Han Chinese

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The Han Chinese (Chinese: 汉族; Hanyu pinyin: Hànzú) are the main ethnic group in China and Taiwan, consisting around 92% of the total population of these two countries, and nearly 20% of the total world population. They are the largest single ethnic group in the world.

The Han are usually referred to as "ethnic Chinese" or just simply "Chinese" in other countries. Their self-designation comes from the famous Han dynasty.


The main language of the Han is Mandarin, though there are many dialects and sub-groups, such as Cantonese, Hakka, Wu, Min Nan, and many more.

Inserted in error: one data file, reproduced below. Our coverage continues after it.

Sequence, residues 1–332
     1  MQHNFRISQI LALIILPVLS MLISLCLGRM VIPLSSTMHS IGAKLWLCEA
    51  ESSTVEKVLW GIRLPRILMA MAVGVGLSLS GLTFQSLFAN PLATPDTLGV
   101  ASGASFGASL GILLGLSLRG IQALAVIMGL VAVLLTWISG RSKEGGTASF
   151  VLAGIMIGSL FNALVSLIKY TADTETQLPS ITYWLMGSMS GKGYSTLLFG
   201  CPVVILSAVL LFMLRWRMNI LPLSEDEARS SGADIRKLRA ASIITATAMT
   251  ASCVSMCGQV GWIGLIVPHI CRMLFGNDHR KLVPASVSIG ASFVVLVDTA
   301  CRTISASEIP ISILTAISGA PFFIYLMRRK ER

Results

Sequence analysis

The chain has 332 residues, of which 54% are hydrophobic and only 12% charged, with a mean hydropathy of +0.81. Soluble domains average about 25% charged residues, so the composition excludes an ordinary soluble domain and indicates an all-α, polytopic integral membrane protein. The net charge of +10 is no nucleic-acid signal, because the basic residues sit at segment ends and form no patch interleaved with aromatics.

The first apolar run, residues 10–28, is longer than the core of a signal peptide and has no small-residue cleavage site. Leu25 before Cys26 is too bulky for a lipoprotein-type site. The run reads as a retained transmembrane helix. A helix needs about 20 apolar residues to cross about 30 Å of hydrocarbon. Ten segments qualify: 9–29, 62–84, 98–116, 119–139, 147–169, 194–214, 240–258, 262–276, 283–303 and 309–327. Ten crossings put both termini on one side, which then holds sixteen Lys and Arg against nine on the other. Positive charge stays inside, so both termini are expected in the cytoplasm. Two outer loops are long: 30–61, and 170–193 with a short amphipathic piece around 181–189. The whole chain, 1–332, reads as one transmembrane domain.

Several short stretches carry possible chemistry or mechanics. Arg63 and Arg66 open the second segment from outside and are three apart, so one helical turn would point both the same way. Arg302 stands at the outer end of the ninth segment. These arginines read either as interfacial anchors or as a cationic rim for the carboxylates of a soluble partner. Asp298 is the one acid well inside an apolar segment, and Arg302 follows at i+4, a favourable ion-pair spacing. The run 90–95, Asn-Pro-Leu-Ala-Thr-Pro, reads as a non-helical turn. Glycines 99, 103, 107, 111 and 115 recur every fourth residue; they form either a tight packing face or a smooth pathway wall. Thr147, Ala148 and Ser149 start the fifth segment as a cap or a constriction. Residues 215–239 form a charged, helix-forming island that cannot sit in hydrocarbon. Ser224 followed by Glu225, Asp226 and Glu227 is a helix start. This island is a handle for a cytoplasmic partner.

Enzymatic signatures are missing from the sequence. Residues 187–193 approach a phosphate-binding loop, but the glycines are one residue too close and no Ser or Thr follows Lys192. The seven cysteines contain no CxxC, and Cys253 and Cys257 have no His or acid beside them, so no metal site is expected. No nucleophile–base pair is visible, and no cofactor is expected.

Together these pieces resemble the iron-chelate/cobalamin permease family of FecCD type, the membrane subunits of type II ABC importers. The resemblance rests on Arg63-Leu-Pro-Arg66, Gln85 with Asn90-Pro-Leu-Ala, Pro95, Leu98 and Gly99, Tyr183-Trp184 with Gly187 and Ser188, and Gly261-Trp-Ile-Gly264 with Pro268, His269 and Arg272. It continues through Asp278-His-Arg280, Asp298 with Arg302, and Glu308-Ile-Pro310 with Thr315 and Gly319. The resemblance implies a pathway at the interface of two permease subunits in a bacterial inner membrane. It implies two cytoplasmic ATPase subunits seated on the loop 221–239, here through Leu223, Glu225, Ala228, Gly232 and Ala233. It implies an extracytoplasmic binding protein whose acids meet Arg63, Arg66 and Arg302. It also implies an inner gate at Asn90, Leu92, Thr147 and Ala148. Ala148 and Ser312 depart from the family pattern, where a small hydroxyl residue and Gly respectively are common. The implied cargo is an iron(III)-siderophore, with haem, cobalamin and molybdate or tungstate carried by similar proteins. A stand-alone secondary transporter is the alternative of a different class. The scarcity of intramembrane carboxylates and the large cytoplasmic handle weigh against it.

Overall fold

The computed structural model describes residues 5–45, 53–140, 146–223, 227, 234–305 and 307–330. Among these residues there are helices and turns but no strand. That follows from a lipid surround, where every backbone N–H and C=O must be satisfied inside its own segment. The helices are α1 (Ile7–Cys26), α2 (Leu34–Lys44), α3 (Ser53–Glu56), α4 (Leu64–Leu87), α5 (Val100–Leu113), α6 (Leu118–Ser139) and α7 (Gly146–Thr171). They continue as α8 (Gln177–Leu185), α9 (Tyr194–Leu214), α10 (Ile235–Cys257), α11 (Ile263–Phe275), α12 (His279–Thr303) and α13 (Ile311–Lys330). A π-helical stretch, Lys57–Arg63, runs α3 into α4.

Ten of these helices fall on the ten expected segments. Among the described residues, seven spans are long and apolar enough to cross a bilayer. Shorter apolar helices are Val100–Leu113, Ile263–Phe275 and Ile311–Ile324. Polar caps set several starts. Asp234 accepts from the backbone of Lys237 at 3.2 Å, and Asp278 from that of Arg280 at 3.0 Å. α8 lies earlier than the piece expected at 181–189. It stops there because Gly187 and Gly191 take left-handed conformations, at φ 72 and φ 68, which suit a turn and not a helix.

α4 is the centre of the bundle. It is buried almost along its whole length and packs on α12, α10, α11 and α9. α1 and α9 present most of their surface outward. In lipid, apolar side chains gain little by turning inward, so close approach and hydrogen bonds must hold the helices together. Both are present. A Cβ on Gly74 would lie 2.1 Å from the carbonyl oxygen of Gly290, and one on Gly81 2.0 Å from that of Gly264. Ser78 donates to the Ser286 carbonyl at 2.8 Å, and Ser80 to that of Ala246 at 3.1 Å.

The main religion among the Han is a mix of Buddhism, specifically the Mahayana sect, and Confucianism. There are also many Taoists. There is now a growing Christian population, and a very tiny Jewish population, most prominently in Kaifeng. Muslim Chinese are called "Hui."

Overseas Chinese

Outside of China, there are over 30 million people of Han descent. They are called "overseas Chinese" (Mandarin: Huaqiao). They are found in countries like the United States, Britain, Japan, Singapore, Canada, and many other industrialized Western nations.